Although I began my journey in February of 2011 with a webinar offered by Writer's Digest, my first novel "went live" in mid-May 2011. When I say I am ten months into my journey, I am counting from mid-May. But without that initial webinar, I might not have begun at all. Even so, as I look back, I remember thinking, "Oh, my, there's so much to do! I'm not sure where to begin."
I decided to make a list of "things to do" in two different areas: Preparing Books & Marketing.
The Marketing list was the one I found most daunting. Not only did I need to learn how to build and manage websites and a blog, I had to figure out how to purchase domain names! I was so low on the tech ladder, I did not have a clue when I first went to the GoDaddy site to buy domains. (Just FYI, GoDaddy has been very helpful and easy to work with, and I am pleased with my website progress over the last year. I could never make their blog software work, however. Blogger is much easier to use, IMO.)
I also had to set up a Twitter account and a Facebook account and start learning how to use those tools. As it turns out, I love Twitter, but I still have trouble using Facebook.
Preparing Books was the list I felt most confident about. What a heady feeling! I've been writing novels for years! This will be a piece of cake!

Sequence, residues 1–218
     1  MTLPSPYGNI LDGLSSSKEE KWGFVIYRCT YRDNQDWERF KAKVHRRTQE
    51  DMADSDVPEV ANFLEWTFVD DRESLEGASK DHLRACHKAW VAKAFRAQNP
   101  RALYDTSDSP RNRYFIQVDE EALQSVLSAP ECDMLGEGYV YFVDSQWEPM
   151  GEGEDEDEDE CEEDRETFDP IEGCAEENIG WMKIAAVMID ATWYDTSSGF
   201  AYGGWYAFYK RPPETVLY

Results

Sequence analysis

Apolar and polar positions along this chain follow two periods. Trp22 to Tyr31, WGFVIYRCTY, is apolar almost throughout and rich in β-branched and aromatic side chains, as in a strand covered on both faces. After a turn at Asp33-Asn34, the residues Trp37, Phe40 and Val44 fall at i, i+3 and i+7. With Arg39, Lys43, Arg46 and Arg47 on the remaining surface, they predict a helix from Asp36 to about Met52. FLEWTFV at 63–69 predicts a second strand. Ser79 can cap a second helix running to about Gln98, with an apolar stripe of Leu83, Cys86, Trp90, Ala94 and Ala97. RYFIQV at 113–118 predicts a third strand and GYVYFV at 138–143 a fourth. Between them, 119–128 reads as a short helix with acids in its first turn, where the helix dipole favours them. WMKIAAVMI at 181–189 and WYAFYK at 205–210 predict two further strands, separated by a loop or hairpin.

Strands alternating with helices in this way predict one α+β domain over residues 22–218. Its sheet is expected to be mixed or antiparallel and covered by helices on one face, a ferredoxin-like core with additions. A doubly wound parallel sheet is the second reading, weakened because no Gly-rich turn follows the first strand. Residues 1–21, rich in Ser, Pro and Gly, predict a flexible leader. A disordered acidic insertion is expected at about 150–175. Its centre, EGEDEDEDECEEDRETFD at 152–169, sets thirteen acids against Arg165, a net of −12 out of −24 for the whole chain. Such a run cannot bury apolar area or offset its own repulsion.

So I chose a title to begin with. North Rim Delight is a romantic suspense novel with adventure, humor and a love of dogs floating through it. The first three chapters were in pretty good shape. A little tweaking here and there. But as I moved through the book, I realized something mind blowing. All those years of working on my novels, in some part of my mind I was trying to guess what an editor wanted to see, not what a reader might enjoy! That made me angry. That whole traditional publishing route had forced me to spend way too much energy on the editor roulette game (hoping you actually get the query letter and ms. into the hands of someone who likes your voice, likes your plot, and has room for you in their @#$#@ schedule!).
As a result, the last half of my book was not at all ready for readers. I spent a great deal of energy and time rewriting the second half to make the story enjoyable for readers, not editors. All those years of submitting, and I had to go indie to actually see the damage the traditional route was doing to my narrative voice.
And since I now get to think about readers only, my narrative voice is improving! This is so exciting. I want to provide readers with an enjoyable experience that makes them want to come back. I want them to love my characters and the universes I create for them. I want them to eagerly anticipate the next book. And now that I've gone indie, that is where my creative energies are focused: on the reader.
With the reader as my priority, my sales numbers are improving month by month. During my first month with one book published, I sold 23 copies. In February 2012, with five books published, I sold 825. I am approached the 2K sales mark. That is certainly fun. But my biggest joy is knowing that I can take the time and creative energy I need to make my next book, Calin's Cowboy, the best it can be before publication.
I hope you are all having record sales, and finding new wonderful writers to read and enjoy!